Figure 1: Tripartite model of open government. Taken from the website of the Démocratie Ouverte NGO

OpenGov_Diagram_EN

Public statistics is the group of data and statistics defined, generated, drawn up and published by the different departments and agencies that make up the Public Administration. These are obtained through censuses, surveys or through the use of administrative registries, which is no more than the data some institution or public agency collects as part of their specific function.

The terms public statistics and official statistics are usually used without distinction. The first term is more appropriate, since it clearly denotes the last property of the information produced by public institutions. In Cuba the term used is official statistics, defined in Decree Law 281 of 2011 to refer to relevant data for the decision making of the State and the government.

The United Nations Economic and Social Council (ECOSOC) explains that the availability of objective and reliable statistics inspires trust among the population and national and international organisations in the integrity of the Government and the process of making public decisions in the economic, social and environmental spheres of a country. For them to have practical use, statistics must be pertinent and have an appropriate quality, and be presented in a way that facilitates their correct use. For this it is essential to understand the needs of users.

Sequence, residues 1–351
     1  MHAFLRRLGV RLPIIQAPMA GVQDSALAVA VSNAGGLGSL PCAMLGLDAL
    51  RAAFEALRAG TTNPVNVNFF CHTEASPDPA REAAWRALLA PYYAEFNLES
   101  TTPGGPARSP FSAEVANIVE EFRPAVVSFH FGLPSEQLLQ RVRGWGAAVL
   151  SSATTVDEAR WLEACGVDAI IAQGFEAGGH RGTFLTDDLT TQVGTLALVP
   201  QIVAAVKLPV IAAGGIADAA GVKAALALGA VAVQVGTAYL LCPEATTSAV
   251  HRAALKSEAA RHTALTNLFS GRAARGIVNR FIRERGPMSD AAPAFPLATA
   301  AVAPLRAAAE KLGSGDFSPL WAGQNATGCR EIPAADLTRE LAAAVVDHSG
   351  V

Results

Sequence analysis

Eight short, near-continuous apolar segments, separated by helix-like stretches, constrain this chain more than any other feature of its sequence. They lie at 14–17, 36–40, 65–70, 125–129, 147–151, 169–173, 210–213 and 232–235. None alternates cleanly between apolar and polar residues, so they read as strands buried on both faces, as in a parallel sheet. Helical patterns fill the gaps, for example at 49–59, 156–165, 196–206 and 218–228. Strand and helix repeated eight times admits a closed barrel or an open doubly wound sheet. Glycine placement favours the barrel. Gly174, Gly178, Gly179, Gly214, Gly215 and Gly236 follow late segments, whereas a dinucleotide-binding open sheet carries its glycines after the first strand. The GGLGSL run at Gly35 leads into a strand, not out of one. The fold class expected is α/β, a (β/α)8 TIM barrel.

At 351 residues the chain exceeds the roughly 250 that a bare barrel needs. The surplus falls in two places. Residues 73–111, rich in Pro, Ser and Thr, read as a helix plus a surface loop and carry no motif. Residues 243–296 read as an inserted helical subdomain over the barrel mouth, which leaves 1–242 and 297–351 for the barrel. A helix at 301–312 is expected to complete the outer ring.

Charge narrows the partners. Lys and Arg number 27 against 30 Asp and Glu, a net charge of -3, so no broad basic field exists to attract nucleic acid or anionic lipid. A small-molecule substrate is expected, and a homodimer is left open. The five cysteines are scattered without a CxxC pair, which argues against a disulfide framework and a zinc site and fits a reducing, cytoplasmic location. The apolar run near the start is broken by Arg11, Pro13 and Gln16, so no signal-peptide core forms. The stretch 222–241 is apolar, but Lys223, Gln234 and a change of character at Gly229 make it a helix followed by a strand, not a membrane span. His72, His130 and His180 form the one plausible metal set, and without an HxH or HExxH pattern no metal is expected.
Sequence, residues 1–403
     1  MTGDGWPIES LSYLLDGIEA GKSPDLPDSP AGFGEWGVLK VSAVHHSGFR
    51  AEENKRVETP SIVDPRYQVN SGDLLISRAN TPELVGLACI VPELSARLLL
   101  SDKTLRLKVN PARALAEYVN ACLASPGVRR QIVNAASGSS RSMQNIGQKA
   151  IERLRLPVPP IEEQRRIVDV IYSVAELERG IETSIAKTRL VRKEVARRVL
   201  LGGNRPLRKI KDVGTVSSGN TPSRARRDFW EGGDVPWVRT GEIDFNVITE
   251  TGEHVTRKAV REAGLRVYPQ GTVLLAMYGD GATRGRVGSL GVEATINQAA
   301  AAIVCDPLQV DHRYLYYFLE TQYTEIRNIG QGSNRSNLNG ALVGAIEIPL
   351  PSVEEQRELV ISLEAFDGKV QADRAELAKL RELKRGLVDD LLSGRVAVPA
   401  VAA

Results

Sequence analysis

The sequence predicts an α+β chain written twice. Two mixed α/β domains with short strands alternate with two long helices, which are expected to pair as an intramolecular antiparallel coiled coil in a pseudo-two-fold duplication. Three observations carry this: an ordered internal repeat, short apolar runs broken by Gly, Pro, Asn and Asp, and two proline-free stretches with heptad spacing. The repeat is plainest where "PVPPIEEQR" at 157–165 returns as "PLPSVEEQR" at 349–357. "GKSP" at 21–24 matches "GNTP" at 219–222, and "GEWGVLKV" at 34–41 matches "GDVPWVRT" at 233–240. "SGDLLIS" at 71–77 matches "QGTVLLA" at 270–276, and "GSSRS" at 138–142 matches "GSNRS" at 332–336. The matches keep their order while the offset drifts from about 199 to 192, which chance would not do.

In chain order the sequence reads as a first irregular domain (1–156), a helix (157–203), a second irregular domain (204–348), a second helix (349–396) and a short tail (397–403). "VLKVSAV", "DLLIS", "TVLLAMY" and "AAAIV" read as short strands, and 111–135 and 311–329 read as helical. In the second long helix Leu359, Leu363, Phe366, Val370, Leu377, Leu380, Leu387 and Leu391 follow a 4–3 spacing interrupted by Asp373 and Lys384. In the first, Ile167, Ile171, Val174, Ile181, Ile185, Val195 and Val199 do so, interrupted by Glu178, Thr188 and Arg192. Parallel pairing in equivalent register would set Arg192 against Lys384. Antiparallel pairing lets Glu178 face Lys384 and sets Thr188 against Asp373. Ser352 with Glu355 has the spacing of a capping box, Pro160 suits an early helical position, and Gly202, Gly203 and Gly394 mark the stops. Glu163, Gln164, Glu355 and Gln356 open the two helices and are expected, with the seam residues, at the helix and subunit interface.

One of the principal problems faced by citizens who use public statistics is not having homogeneous and comparable information, since the source institutions do not make a specific treatment of the statistical data in their collection or in their subsequent refinement and presentation to users or final clients in the form of information services.

The systems must be structured based on models of metadata that guarantee the inter-feasibility. This also entails a reduction of costs due to the fact that to the extent that the two groups of data refer to the same type of information, if the format chosen by the different administrations is the same, it allows for obtaining more easily new uses for the data. The possibility that citizens collaborate allows for keeping political authorities up to date on concerns, interests and needs. Moreover, the administrations can share information more easily and with greater transparency. Many countries have become part of this type of initiatives.